Our Plague Year: After

There are thoughts I don’t want to allow myself to think. There are thoughts that I am not allowed near, for fear that thinking the thought makes it true. There are thoughts that I am not allowed near because of how hard they are to think, to picture, to hold in the mind. There are thoughts that are both.

Not without sadness, but nevertheless cheerfully, we go about our days. Hello, how are you? Nice to talk to you. Yes, I’m struggling too. I’m sorry to hear it’s been so hard. After all this is over, we should get a drink. Post-pandemic, let’s hang out. Once people are travelling again, you should come stay by us.

What if there is no after? I have never been a technology optimist. I have never believed that we will invent ourselves out of the struggles we have to share. I was suspect when smart phone apps were hailed as the solution to this or that problem. The “Information superhighway” becomes the dark and terrible corners of the internet all too easily. I believe that solidarity and caring are underrated solutions, chemistry and robotics and programming overrated.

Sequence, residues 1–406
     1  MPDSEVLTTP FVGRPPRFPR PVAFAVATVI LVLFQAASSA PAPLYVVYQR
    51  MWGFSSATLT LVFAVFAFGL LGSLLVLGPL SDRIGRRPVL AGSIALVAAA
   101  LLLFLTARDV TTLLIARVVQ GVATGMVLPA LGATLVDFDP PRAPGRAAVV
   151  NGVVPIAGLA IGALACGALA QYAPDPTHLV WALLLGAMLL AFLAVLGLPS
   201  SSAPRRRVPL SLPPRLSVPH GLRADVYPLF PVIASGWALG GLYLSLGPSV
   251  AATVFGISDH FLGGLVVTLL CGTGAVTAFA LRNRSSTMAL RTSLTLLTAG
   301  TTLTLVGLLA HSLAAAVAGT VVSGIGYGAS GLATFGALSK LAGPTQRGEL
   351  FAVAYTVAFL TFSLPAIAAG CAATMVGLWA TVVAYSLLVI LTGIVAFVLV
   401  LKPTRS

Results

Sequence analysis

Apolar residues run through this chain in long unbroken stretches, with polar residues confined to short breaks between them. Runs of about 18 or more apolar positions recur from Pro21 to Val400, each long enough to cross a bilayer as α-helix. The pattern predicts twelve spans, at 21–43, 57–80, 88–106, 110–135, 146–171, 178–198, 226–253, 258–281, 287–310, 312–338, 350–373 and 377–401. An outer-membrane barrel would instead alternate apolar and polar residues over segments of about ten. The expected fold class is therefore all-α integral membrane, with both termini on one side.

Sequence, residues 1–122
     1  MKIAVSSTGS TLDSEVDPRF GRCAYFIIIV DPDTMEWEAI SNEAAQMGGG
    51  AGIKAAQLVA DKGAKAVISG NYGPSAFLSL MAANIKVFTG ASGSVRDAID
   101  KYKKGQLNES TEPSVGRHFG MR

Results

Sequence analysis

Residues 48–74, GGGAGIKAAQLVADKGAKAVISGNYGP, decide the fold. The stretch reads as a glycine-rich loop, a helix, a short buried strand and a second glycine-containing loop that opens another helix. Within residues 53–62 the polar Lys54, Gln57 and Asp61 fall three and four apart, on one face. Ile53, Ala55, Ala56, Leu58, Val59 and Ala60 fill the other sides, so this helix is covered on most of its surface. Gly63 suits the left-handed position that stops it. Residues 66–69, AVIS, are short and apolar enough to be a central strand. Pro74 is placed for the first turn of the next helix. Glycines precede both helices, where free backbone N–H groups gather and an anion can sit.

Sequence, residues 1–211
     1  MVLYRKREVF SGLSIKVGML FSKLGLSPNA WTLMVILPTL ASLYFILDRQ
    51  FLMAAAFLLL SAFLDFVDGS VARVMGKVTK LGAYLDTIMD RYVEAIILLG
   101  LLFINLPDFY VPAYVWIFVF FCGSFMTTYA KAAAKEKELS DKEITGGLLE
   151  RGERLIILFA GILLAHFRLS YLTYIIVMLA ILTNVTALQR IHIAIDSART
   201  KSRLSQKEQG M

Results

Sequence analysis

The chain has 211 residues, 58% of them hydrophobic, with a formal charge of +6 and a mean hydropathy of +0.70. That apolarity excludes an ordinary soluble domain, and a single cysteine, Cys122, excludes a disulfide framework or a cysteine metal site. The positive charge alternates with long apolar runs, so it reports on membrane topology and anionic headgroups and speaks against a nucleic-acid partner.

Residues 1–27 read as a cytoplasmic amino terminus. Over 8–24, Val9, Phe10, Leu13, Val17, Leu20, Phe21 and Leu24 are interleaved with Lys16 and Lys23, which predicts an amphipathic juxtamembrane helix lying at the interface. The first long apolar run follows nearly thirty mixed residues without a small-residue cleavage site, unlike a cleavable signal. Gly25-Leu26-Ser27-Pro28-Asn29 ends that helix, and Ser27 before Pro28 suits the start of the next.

So why should I believe that there is a magic vaccine waiting for us, on the other side of tomorrow? Why should I think I will live to see an after this? Because I am young, and life stretches out before me? Because I am healthy, thank God, and I have the means to stay that way? Many others have had these advantages. They did not live to see the end of the Virus. They did not live to After.

It is not that I believe the disease will or won’t catch up to me, that I am in danger. It is that I am curious about what we are not admitting to ourselves about what it means that this virus is here. Perhaps it is a matter of how young I am. I am of a generation that could not stop climate change. We watch powerless as the waters rise, the storm grows more severe, the species grow rarer, and then disappear all together.

We are no strangers to grief, titanic grief, grief beyond the limits of ourselves. And yet, we entertain the idealism of our grandparents and parents, who run the papers, the news stations, the governments, and of our children, who naturally have not seen what we have seen yet. Oh, there will be a vaccine next year? I’m sure there will. Yes, I love you too. Yes, I can’t wait to see you, after all this is over.

But what if we began with: the world has changed, as it will always change. It has changed disastrously. We must grieve the old world, as we welcome the new. We must hold each other tightly, as one by one we are picked off. We’re all in this together now. After all, what comes after life?

Published by Mordecai Martin

A luftmensch, a Jew, a way with words, all in one.

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